Remember being 16 years old, just learning to drive and getting your driver’s license?
The feeling of freedom that came with that little card was immeasurable. But as we enter our golden years, to drive or not to drive, is indeed the question. I’m not certain Shakespeare would have phrased it that way, but when is it time to stop or limit driving time? We all have a responsibility to others and ourselves not to endanger anyone by age-impaired driving and knowing when it’s time to hang up those keys.
Sadly, as we age, our bodies start to betray us. What we could once do with relative ease and confidence slowly starts to fade, most of the time without our knowledge. Several years ago I could see like a hawk and now all of a sudden, I need glasses and didn’t even realize my vision was slipping. The same thing happens to the skills we need that are necessary for responsible, safe driving.
“Check yourself before you wreck yourself.” But how do you check yourself?
Look for signs of worsening driving habits such as driving at inappropriate speeds, either too fast or too slow. Do you misinterpret road signs or traffic signals? Do you get lost repeatedly even in familiar areas? Do you fail to judge distances between vehicles correctly? What about becoming angry or frustrated very easily? If you answered yes to these questions, it may be time at the very least, to limit your driving time.
Steve Gursten of Michigan Auto Law says “The telltale signs that an older driver may need to reconsider his or her ability to safely drive include failing vision, confusion (dementia – in some cases), loss of physical coordination (both of which can affect something as simple as the ability to push down on accelerator when you meant to apply the brakes), problems with balance, declines in cognitive functioning and perception and delays in reaction time. Watch those medications you take and make sure they do not impair driving. Many medications will. If someone is becoming increasingly confused, disoriented and/or forgetful, then those are strong indicators that the older driver may need to permanently hang up those car keys and let someone else drive behind the wheel.”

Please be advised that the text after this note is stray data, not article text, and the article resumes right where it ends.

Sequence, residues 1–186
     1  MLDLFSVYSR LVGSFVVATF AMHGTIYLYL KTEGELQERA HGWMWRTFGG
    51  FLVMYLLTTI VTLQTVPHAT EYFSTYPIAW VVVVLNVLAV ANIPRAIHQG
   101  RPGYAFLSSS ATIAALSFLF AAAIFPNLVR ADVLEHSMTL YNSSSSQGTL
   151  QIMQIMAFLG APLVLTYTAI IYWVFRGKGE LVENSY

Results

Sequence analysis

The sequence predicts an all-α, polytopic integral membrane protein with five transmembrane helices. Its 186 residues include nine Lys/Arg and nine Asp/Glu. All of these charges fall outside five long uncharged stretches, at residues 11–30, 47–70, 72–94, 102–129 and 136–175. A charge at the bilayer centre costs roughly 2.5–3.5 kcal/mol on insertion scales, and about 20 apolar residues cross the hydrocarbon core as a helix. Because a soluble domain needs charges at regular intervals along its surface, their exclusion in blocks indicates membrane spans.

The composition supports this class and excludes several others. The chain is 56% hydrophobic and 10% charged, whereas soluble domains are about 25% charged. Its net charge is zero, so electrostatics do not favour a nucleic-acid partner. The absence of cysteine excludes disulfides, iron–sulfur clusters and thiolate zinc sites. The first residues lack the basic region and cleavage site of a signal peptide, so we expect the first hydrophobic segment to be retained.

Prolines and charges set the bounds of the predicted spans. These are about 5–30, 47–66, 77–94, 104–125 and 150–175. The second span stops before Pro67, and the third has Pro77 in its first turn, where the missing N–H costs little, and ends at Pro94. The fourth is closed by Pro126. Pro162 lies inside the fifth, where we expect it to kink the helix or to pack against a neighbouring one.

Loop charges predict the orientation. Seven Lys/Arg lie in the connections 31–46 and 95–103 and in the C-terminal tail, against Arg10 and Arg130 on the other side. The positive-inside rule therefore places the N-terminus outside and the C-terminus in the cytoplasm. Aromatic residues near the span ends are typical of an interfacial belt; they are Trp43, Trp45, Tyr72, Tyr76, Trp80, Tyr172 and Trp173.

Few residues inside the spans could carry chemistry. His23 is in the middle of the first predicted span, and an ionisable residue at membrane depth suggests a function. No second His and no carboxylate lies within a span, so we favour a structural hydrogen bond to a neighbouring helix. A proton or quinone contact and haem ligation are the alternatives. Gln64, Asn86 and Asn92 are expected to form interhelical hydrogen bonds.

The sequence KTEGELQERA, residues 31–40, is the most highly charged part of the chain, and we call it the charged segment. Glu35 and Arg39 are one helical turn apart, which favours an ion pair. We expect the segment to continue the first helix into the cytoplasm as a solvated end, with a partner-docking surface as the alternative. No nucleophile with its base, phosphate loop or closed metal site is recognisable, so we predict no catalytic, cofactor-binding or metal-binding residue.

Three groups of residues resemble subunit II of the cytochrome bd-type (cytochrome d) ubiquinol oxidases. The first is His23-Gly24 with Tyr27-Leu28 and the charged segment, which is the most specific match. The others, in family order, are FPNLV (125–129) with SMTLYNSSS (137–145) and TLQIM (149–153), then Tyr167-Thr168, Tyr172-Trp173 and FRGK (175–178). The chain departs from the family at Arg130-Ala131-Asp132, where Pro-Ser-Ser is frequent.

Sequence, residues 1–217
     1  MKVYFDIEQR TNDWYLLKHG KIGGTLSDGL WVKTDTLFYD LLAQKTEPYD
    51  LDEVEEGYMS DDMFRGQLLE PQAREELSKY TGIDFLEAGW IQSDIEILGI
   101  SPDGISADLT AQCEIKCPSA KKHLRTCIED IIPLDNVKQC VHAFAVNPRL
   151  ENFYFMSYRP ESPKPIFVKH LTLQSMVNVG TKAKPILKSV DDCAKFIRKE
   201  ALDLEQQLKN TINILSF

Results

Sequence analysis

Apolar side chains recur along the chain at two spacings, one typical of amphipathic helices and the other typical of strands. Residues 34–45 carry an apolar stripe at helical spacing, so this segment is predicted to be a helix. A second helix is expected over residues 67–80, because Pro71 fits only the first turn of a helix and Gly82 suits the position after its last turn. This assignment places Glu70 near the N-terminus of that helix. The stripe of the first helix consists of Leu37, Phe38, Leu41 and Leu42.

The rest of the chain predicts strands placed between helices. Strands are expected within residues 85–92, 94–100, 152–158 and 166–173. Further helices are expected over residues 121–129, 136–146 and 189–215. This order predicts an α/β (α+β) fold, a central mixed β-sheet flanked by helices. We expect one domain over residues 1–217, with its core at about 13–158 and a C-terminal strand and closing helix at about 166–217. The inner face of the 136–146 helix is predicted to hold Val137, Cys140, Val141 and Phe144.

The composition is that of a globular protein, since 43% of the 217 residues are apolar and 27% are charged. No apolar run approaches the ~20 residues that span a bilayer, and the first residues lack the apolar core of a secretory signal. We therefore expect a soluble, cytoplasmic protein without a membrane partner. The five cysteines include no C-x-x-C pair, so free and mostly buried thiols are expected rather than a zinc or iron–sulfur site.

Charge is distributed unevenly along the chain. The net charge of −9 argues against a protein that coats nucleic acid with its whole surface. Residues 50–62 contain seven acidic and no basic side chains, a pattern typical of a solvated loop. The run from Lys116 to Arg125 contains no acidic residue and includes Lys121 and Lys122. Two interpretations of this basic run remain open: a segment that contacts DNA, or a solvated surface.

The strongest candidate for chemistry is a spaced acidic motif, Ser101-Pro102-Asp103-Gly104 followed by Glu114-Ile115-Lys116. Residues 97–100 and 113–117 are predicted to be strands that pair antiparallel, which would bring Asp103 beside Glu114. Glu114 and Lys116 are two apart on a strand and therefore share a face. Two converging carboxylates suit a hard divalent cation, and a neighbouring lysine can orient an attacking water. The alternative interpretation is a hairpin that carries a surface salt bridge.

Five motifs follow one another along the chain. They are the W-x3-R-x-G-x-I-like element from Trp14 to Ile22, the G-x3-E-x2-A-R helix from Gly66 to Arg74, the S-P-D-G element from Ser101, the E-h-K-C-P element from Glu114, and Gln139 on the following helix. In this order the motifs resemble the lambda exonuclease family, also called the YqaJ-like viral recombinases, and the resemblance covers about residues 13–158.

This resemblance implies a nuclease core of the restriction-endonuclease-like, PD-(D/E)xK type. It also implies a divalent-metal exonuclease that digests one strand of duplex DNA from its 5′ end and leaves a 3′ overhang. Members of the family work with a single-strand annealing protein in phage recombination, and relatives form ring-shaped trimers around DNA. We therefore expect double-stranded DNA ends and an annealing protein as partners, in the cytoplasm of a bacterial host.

Change is not always easy to accept but adapting to change is what people do best. According to Rick Ehlers of Traffic Safety Consultants Inc., “It’s valuable for drivers to learn about changes to their physical and mental faculties as they age. For instance, a driver aged 60 needs three times as much light to see as a teenager, and will take more than twice as long to adjust to a change from light to darkness. These are natural changes that affect everyone to some extent. But because we live in our bodies all the time and the transition is so gradual, we take our bodies for granted and often don’t realize that any change has occurred. Fortunately, simply having the situation pointed out is often enough to get older motorists to incorporate the simple, easy means to compensate for many age-related changes.”
Try to avoid driving at night and drive only to familiar locations. Avoid the fast paced expressways where quick lane changes and speeding often occur. Leave in plenty of time to arrive safely and if possible, don’t drive alone.
As an aged responsible driver, you need to constantly evaluate your driving skills or better yet, have someone you trust evaluate them for you. Driving assessments are available through many senior service agencies.
Mindy Smithwick, Mercy Occupational Therapist and Certified Driver Rehabilitation Specialist suggests “Assessments are recommended on a case-by-case basis based on concern, medical
changes or accidents. Seniors or older drivers who have notable changes in vision, thinking skills or physical limitations should have an assessment. Many times this allows the certified driver rehabilitation specialist (CDRS) to provide feedback to the person, their family and doctor regarding any concerns with their driving. Often times the CDRS can provide training that helps the individual be a safer driver and keep them driving longer. This is accomplished by adapting their driving by using compensatory strategies, improving specific skills, modifying their driving routes or behaviors.” After an evaluation, listen to what they have to say regarding your driving, it could save your life or the lives of others.